The LIPA board on Wednesday passed the authority’s $3.37 billion 2016 budget, which included the first of three rate increases over the next three years. But in a rare move, three trustees voted not to approve it, citing issues with Gov. Andrew M. Cuomo’s LIPA Reform Act.
Two trustees, Suzette Smookler and Matthew Cordaro, voted no on the budget, while trustee Jeff Greenfield abstained. All three legislative appointees to the Long Island Power Authority board cited issues with elements of the reform act and the amount of the rate increase, which will raise $287.4 million in new revenue over the next three years.
All five of Cuomo’s appointees to the board voted to approve the budget.dataSearch LIPA payroll
The rate proceeding will result in a cumulative 7.3 percent increase in the delivery charge portion of bills over the next three years, starting with 1 percent in 2016, 3.2 percent in 2017 and 3.1 percent in 2018. For average customers next year, LIPA said that amounts to a monthly increase of around 65 cents, a jump it expects to be more than offset by power supply charges that could decrease if the cost of natural gas continues on a downward trend.
Several speakers at the board meeting at LIPA headquarters in Uniondale also expressed issues with the increase, saying that LIPA and PSEG Long Island should be devoting more resources to green-energy initiatives.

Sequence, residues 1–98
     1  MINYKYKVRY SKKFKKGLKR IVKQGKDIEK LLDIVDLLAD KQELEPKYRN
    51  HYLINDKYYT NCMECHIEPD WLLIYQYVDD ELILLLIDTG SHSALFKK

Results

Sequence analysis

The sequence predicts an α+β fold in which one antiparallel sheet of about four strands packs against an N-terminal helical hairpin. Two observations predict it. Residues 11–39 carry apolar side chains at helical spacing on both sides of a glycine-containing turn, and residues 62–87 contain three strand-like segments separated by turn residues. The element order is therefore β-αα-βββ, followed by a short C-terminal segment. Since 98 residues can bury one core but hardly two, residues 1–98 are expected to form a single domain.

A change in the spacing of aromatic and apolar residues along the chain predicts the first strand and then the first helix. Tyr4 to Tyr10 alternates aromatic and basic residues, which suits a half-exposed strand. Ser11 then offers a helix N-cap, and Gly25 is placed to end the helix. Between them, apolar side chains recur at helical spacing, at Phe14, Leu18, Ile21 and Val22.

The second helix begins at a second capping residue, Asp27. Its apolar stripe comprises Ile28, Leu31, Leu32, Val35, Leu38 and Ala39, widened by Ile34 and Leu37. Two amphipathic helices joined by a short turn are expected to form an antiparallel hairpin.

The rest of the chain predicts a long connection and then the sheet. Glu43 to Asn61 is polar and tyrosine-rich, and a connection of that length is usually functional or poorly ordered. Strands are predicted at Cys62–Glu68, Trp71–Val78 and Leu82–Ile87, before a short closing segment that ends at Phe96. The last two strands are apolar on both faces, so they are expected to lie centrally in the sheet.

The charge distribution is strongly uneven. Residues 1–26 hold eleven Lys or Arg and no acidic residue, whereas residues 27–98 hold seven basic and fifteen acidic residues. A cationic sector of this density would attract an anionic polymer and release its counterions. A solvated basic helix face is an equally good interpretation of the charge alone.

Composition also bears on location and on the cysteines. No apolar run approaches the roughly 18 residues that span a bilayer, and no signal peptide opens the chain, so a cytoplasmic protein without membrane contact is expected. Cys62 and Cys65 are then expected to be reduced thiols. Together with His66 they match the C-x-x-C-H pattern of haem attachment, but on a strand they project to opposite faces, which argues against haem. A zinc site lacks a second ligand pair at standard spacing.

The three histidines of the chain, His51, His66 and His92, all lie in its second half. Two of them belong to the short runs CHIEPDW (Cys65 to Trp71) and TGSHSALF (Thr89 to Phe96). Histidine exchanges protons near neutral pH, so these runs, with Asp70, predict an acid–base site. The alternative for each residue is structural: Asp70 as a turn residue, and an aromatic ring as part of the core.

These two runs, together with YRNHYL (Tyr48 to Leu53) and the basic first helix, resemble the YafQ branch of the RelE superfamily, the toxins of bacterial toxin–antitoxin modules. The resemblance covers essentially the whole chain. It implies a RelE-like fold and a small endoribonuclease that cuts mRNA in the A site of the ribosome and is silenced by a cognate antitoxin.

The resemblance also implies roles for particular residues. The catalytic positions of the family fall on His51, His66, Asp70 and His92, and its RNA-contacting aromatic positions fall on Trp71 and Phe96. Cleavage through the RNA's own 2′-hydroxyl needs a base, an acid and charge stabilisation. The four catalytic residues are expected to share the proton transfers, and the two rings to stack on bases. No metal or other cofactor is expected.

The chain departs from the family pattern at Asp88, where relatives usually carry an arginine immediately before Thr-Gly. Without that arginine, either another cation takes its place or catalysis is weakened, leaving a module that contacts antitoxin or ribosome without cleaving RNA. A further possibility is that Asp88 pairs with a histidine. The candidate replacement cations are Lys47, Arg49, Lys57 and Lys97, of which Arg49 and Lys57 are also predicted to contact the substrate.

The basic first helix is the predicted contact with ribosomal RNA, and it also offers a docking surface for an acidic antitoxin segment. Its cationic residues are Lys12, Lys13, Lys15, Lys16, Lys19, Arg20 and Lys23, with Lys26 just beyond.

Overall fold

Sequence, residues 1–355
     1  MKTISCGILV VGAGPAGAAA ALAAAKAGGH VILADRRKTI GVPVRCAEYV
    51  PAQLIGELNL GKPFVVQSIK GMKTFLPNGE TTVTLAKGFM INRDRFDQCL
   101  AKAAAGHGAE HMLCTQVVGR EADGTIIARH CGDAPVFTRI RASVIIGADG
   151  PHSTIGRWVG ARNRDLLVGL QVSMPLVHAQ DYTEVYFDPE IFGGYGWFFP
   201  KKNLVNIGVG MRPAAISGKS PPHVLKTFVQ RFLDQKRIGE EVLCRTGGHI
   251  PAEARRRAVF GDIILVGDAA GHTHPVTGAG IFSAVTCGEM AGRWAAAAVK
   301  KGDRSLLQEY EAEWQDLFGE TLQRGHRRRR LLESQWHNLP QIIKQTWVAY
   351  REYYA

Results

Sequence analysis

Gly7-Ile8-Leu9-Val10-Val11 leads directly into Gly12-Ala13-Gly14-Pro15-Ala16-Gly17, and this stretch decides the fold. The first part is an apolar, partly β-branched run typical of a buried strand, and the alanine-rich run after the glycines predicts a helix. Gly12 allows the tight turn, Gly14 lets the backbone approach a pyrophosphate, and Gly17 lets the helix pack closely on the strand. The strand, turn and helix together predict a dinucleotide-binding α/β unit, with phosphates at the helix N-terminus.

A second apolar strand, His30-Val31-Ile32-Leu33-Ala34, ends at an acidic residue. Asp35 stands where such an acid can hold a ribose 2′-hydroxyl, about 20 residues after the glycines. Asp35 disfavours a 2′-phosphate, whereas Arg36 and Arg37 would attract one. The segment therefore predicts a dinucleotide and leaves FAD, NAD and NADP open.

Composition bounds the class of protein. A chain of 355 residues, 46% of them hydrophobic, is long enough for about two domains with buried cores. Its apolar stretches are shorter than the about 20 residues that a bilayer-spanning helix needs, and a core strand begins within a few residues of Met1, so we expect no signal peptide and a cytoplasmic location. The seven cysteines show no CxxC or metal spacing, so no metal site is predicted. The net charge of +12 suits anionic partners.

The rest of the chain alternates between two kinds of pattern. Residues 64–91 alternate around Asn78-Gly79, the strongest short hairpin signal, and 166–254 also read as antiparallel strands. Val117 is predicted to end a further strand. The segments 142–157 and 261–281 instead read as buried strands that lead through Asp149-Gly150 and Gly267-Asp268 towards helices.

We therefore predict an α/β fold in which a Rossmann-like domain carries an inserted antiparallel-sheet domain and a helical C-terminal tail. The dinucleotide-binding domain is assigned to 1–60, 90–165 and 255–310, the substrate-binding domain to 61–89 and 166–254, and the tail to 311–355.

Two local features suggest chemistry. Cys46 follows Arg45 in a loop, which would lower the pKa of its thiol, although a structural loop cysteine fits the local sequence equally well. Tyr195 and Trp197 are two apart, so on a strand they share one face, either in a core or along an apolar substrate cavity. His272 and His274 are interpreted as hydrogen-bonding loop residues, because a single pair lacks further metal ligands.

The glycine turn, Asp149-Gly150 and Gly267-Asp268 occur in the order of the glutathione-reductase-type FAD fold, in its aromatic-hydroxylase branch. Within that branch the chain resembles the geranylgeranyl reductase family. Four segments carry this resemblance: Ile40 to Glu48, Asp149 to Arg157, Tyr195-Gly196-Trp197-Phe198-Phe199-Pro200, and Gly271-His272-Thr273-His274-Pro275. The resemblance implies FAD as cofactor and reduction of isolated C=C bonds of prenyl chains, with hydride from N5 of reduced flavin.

Cordaro took exception to the LIPA act’s provision that allowed trustees to oppose the rate increase only if they could identify an “inconsistency” with one of three narrow parameters, including reliability. He opposed the increase because “in my opinion I don’t think it represents the lowest rates achievable while providing adequate service.” He noted that a $730 million federal grant LIPA received for storm hardening was an opportunity for the authority to lower its own capital spending.
Smookler noted that the role of the Department of Public Service in the process was to provide a “recommendation” on rates, according to the act. “A recommendation is something you can take or leave. I cannot accept the rate increase,” she said.
Greenfield wanted LIPA trustees to have “our own, independent hearing” on the increase, among other things, but the act didn’t provide for it. “My problem is the process,” he said. “The LIPA reform act is too rigid.”
Greenfield, who like Smookler is a State Senate appointee to the board, said the rate increase should have been no higher than the state property tax cap, and added, “I call upon the legislature to amend the LIPA Reform Act to give LIPA trustees more power and decision making on behalf of the ratepayers.”
Suffolk County comptroller John M. Kennedy Jr. also pleaded with trustees to reject the increase, noting varying levels of austerity in Suffolk government. “Please, I’m begging you to take into account what the consequences of a rate increase would be.”
LIPA and the Cuomo-appointed trustees didn’t address the matter during the board meeting, but afterward, trustee Mark Fischl defended approval of the budget and the increase.
“We tried running this thing on the cheap,” he said. “The tide went out with Sandy and we got eviscerated. How did that work out?”
David Daly, president of PSEG Long Island, which had sought a $387.5 million increase, said in a statement, “With the approved rates, we will be able to make further vital improvements to our infrastructure and customer services operation and continue on path to meet our goal of being a best-in-class electric utility, while delivering on our commitment to long-term rate stability.”